Thursday, September 29, 2011

A Pair of Stories on the Collapse of Solyndra

Solyndra went caput, but other solar companies throughout the country -- and here in the East Bay -- are doing just fine. If anything, the collapse of Solyndra is a good sign for the solar industry: it means it's maturing, and the market is functioning (story 1: "Solar Is Still Humming," which the Treehugger blog picked up, or so I hear). Yet at the same time, the political fallout from the bankruptcy has been a bit more insidious (story 2: "Solar Takes a Hit"). If you read only two stories about the solar industry this month, they may as well be these. I mean, why not? Now if I could just get my wife to read them.

Tuesday, September 27, 2011

East Bay Bike Party: See You There

Now HERE'S some true Human-Powered Exploration. The East Bay Bike Party is truly amazing. I rode in September's event along with about 800 other bicyclists came away nothing short of inspired. If you live in the Bay Area and own or can borrow a bike, I highly recommend it. It takes place every second Friday at various locations throughout the East Bay ... and as for any further details, well, read my upcoming story in Alameda magazine (I'll post it here when it's up). In the meantime, check out their website or join me at the October ride on the 14th.

Large-Scale Solar Arrives in Alameda County

Perhaps it takes a broad interpretation of the concept of human-powered exploration to relate it to land use issues surrounding solar development in eastern Alameda County, but I'm okay with that. This story appeared on A-1 of the San Francisco Chronicle on Saturday, September 10. It serves as a nice follow-up to my December 2010 cover story "Oakland Invades the Desert" for the East Bay Express, as it addresses many of the same debates: Where do we build solar plants, and what sort of ground are we going to cover up? There are always trade-offs. In this case, instead of desert tortoise habitat it's raptors and farmland. A story I wrote recently for Sierra magazine (coming in November) is third in line, addressing a sort of second phase of large-scale solar development where solar developers and environmental groups attempt to work together to avoid any such impacts by focusing on previously degraded lands. Enjoy.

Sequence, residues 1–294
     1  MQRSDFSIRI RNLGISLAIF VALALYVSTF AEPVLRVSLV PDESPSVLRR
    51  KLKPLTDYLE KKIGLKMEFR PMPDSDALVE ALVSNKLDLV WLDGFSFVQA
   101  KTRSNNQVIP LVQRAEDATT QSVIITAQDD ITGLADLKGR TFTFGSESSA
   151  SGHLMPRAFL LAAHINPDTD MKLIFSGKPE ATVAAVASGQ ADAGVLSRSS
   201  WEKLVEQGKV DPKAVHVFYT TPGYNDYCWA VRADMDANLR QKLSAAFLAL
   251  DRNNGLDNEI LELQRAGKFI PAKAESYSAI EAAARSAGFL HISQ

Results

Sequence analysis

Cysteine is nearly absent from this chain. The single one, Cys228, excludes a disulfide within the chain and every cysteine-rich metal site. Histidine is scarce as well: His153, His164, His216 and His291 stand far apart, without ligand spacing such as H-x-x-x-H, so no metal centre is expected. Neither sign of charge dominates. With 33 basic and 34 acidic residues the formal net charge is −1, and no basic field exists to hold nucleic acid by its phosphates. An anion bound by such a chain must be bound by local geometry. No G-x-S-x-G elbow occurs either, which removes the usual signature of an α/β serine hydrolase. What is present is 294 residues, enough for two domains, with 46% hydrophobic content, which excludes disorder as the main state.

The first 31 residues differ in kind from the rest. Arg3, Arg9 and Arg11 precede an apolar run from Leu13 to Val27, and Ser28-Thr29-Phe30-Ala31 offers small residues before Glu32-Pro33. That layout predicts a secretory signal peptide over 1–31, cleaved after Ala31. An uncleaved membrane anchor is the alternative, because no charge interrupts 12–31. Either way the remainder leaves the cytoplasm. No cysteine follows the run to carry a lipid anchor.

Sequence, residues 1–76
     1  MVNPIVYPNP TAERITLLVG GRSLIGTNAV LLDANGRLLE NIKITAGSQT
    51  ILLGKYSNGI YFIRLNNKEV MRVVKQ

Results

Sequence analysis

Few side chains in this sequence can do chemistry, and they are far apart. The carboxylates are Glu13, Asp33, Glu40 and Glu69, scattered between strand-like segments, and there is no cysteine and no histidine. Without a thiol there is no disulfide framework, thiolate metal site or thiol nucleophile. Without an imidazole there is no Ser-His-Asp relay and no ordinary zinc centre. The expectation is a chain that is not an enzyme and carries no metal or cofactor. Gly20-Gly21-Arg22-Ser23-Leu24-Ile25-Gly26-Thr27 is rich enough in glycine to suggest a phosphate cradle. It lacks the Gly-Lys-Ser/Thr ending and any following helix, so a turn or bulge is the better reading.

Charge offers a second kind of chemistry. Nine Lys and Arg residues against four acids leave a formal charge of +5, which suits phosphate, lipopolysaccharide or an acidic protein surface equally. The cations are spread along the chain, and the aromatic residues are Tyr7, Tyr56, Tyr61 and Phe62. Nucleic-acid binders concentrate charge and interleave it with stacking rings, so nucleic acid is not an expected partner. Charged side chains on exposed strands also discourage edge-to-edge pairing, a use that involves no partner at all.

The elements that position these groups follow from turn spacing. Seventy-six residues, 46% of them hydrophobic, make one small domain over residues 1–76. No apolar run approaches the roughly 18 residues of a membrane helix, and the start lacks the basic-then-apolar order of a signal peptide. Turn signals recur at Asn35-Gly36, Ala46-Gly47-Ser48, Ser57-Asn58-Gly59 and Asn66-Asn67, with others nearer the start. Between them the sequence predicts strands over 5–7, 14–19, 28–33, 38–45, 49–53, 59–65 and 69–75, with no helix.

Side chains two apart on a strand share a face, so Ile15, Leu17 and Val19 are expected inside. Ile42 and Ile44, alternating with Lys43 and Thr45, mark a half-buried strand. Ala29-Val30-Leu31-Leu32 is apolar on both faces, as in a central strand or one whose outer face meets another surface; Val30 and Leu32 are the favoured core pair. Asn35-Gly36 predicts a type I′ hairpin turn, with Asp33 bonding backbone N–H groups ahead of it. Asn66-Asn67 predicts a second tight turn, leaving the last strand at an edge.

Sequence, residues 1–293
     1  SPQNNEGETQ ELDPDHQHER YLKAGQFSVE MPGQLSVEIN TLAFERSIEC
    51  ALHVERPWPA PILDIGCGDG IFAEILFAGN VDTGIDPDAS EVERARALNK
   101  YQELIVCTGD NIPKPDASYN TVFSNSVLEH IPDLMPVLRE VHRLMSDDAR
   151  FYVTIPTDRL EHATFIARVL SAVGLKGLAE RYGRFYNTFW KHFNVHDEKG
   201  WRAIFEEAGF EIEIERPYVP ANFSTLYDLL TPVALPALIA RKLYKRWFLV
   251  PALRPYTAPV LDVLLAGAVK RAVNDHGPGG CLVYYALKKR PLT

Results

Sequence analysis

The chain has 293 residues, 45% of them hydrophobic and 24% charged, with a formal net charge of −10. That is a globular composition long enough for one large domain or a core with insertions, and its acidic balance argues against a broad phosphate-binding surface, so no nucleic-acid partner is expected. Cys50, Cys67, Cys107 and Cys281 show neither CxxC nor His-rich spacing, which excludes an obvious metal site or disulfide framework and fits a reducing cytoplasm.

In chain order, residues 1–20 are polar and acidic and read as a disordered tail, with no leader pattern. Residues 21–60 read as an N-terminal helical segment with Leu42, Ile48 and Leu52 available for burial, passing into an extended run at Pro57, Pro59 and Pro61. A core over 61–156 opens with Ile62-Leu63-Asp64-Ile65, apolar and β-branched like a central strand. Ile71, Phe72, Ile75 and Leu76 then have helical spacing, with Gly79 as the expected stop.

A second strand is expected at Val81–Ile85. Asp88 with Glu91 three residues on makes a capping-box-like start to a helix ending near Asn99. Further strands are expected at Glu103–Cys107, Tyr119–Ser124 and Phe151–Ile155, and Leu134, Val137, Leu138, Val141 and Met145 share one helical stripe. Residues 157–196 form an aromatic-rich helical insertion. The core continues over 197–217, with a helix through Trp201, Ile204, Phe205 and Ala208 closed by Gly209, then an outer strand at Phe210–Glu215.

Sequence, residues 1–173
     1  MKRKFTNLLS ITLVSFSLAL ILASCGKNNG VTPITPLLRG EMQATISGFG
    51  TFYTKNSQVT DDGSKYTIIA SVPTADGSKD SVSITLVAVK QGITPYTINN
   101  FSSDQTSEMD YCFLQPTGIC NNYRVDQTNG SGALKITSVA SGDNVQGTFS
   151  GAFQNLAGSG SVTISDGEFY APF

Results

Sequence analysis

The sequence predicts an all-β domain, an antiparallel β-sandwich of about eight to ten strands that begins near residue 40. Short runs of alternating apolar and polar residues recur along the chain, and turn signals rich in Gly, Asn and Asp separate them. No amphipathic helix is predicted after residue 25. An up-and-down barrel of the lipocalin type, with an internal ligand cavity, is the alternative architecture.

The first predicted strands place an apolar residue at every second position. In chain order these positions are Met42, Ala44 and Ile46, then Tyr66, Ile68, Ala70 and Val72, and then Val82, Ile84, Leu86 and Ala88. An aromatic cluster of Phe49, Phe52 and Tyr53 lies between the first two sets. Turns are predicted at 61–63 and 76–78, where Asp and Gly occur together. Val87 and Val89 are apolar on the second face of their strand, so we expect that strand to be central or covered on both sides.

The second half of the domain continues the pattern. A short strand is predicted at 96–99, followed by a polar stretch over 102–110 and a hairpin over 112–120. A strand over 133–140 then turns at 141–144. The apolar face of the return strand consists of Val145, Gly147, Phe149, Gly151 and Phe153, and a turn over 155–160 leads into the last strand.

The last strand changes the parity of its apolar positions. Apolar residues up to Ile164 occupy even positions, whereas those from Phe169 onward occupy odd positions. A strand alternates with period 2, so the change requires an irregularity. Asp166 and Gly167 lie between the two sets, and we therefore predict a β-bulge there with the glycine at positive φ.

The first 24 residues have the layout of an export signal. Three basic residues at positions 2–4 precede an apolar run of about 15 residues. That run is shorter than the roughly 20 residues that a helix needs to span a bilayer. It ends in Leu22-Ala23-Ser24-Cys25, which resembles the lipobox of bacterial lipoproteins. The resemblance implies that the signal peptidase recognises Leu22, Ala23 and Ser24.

Wednesday, September 7, 2011

Catching Up

It's been five months since I posted my last piece here, but that doesn't mean I haven't been writing. Here's a full list of my recent stories on parks, recycling, solar power, and more:

4/13: "The Cruel Irony of the Oakland Zoo Expansion" - East Bay Express
4/20: "The Recycling Guru" - East Bay Express
5/11: "Using Trees to Curb Pollution" - East Bay Express
5/31: "Santa Cruz County Wastes Not" - Santa Cruz Weekly
6/1: "Slashing the Solar Paperwork" - East Bay Express
6/8: "The Beautification of Albany Beach" - East Bay Express
6/12: "Winding through nature and city streets, the Bay Trail is an idea as much as a place" - San Francisco Examiner
6/15: "Garbage Dump Tapes Top Marks for Recycling" - Metro Silicon Valley
6/22: "The Blair Park Project" - East Bay Express
6/26: "SF parks advocates worried city's open spaces will become less public" - San Francisco Examiner
7/6: "A New Lake Merritt Dog Park?" - East Bay Express
8/2: "Befuddlement Over Beach Closures" - Santa Cruz Weekly
8/3: "How Safe Is Your Soil?" - East Bay Express
8/3: "Sound Walls Bound for Rockridge?" - East Bay Express